One Thousand Days of Tasting
Healthy eating is particularly topical at the moment – with Covid19 potentially having less of an impact on healthier people who exercise regularly. Varying ‘schemes’ have been encouraged over the last few years to reduce sugar intake and encourage your fruit and veg uptake of 5-a-day. With traffic lighted foods – green being your go-to food – the talk of higher taxes on sugary-laden foods and lots of new brands promising ‘no added sugar’ and naturally derived products. However, the desire for indulgent and enjoyable foods is in demand, as people remain unable to fully access the experiences they would have pre-Covid19 and thus are turning to food for pleasure and enjoyment… and perhaps even a new hobby!
So how do you balance healthy eating with eating for pleasure – and why are healthier food not as pleasurable? Well, it all depends on what food you were given in the first 1000 days of your life! Putting more emphasis on parental choices and actions than may have been considered previously.
Food preferences are formed during the early stages of life at a point where humans are genetically predisposed to prefer high-energy foods including sugar and salt. This hails from our caveman days when food was not readily available and the next big meal could be days away. Our predispositions have evolved over the last few hundred years, with our flavor senses controlling whether to accept or reject a new food. Acceptance of a new food is increased if this food has been exposed to a child within the first year of their life (in some capacity, which may include through the mother’s milk). Exposure to a food in the child’s second year of life has less impact – but will since influence a child’s acceptance of it. Beyond the first 1000 days, this impact is somewhat limited and by the age of 5 many children have developed ‘neophobia’ to particular foods. Neophobia being the rejection of new foods.
Accepting food as a child means they are far more likely to eat these foods into adulthood. This has huge positive implications for ultimately contributing to a healthier society.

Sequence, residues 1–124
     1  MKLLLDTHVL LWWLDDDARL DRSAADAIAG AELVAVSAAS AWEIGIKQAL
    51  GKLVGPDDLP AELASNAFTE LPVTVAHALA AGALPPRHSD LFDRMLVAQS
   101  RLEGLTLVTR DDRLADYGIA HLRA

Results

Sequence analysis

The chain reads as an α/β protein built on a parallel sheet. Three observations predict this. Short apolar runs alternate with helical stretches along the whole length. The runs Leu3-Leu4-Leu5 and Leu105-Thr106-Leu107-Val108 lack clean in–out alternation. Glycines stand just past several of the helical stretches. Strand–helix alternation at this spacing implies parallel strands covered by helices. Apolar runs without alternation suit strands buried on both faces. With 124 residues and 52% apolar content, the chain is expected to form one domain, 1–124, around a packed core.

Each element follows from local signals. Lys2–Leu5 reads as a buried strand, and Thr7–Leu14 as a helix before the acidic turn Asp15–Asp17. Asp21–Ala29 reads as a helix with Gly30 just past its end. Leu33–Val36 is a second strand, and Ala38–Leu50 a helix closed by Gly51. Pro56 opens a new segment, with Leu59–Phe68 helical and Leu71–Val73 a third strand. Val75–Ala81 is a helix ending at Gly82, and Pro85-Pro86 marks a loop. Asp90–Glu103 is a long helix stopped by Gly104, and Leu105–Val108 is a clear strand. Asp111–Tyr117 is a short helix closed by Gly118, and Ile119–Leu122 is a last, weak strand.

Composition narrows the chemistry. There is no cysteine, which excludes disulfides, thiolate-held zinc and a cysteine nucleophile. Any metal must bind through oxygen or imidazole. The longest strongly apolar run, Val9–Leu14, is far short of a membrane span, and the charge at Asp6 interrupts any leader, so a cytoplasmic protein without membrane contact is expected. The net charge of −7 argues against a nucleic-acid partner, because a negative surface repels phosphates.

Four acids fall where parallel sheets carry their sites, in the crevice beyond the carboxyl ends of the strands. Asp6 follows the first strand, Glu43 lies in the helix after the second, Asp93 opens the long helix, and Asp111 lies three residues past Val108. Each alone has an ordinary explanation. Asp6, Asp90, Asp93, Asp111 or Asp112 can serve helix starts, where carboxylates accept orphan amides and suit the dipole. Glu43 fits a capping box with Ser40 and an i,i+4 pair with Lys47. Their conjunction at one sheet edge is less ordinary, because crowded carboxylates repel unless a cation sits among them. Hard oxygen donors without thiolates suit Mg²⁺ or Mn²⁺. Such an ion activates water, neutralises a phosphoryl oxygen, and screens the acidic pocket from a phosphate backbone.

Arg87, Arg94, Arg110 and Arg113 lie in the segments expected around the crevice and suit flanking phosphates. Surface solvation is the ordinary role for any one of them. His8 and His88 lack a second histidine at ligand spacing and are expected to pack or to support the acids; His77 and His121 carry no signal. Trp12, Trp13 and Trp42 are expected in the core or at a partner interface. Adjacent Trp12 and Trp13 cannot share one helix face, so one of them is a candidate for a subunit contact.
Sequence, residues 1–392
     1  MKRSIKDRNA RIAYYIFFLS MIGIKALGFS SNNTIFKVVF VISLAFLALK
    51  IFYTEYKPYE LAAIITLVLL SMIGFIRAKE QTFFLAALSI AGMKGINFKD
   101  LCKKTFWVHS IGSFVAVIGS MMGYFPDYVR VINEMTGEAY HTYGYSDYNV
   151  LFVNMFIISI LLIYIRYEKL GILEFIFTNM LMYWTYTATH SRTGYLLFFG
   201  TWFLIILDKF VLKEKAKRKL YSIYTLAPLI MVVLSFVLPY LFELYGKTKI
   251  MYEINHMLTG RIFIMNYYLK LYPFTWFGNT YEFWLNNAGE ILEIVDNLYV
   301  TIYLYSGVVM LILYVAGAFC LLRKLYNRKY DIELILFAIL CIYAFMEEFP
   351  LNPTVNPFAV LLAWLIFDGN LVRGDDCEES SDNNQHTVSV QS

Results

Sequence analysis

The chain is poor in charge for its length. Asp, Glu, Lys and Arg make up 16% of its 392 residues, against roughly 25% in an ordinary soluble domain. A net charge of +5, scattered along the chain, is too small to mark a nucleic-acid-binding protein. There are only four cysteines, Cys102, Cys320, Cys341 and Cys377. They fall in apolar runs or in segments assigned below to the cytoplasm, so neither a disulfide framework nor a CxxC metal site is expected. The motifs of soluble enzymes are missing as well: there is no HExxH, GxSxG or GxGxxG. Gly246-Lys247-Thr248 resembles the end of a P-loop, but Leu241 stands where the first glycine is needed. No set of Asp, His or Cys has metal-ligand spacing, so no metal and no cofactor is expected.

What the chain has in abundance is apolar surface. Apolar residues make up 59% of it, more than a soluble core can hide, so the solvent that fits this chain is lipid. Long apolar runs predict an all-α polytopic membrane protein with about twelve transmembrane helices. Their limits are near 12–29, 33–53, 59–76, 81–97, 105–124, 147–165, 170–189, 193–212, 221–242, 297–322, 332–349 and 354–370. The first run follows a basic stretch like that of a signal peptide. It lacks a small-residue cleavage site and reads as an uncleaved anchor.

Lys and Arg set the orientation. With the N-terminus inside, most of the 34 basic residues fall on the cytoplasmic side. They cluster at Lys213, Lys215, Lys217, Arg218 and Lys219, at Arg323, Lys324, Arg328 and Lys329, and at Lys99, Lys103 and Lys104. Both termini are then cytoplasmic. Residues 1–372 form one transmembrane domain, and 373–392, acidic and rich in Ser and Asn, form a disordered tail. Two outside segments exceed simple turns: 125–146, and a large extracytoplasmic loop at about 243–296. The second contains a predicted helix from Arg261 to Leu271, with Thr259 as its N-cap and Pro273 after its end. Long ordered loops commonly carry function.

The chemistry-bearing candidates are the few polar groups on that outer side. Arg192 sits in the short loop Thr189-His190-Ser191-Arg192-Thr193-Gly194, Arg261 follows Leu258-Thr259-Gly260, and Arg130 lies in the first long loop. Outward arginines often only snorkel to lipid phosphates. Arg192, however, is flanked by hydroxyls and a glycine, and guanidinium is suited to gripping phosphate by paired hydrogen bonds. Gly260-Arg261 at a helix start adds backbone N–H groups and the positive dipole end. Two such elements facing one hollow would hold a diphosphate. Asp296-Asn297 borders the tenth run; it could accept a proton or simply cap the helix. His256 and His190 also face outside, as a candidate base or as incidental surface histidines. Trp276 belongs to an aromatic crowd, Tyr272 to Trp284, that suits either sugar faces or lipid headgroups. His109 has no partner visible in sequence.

Experiences Form Positive Association
The most effective ways for a child to accept a new food are: repeated exposure/experiences, and trying these foods within a positive social environment. In summary – try it again and again, in a positive way – great news for experiential marketers!
Parents model their own eating habits to children – therefore encouraging healthier food choices needs to start with children seeing their parents eating it. This is a prime opportunity to begin children eating food without added sugar and salt. Beneficial not only in the short term for their health but additionally sets a low threshold for their sugar and salt preferences later in life. Whilst troublesome (in many ways) to persistently offer food to a child which they may not like, research shows that a child will need to have exposure to a food at least 8 times to begin to develop a preference or liking of it. However, the same research found that often after less than 5 times of tasting, parents decide their child dislikes the food and will rarely offer it to them again.
Forcing a child to eat a food will ultimately decrease their likelihood of liking it, and so this exposure through positive social experiences + needs to be managed carefully.
Positive experiential opportunities of food tasting, is a fantastic way to offer exposure to healthy brands – a great and innovative example of this is Flavor’s partnership with The Scouts. Through this they offer brands the opportunity to sample their healthy snacks to children within The Scouts association; in a safe, fun environment, with children tasting snacks amongst their peers.
Parents are involved within the experience as samples are taken home from the group along with information on the brand and the benefit of healthier eating.
1000 days is the target time for exposure to healthy foods from a solely parental influence. Beyond this, opportunities to taste and sample healthier foods needs repeated experiences in a positive social environment. So now, more than ever, experiential marketing needs to step up and help to introduce healthier foods to younger children – to ward off the potential health and obesity crisis that hangs over the UK – and give great brands the opportunity to be experienced by young generations.
At Flavor, we use multiple sampling channels as part of an integrated sampling approach to curate the perfect mix of sampling techniques to deliver optimal results for every campaign. We look after all sampling elements under one roof to drive efficiencies in targeting, relevance, measurement & ROI…
If you would like to find out more about social sampling or any of our integrated sampling techniques you can get in touch firstname.lastname@example.org & 07977 148784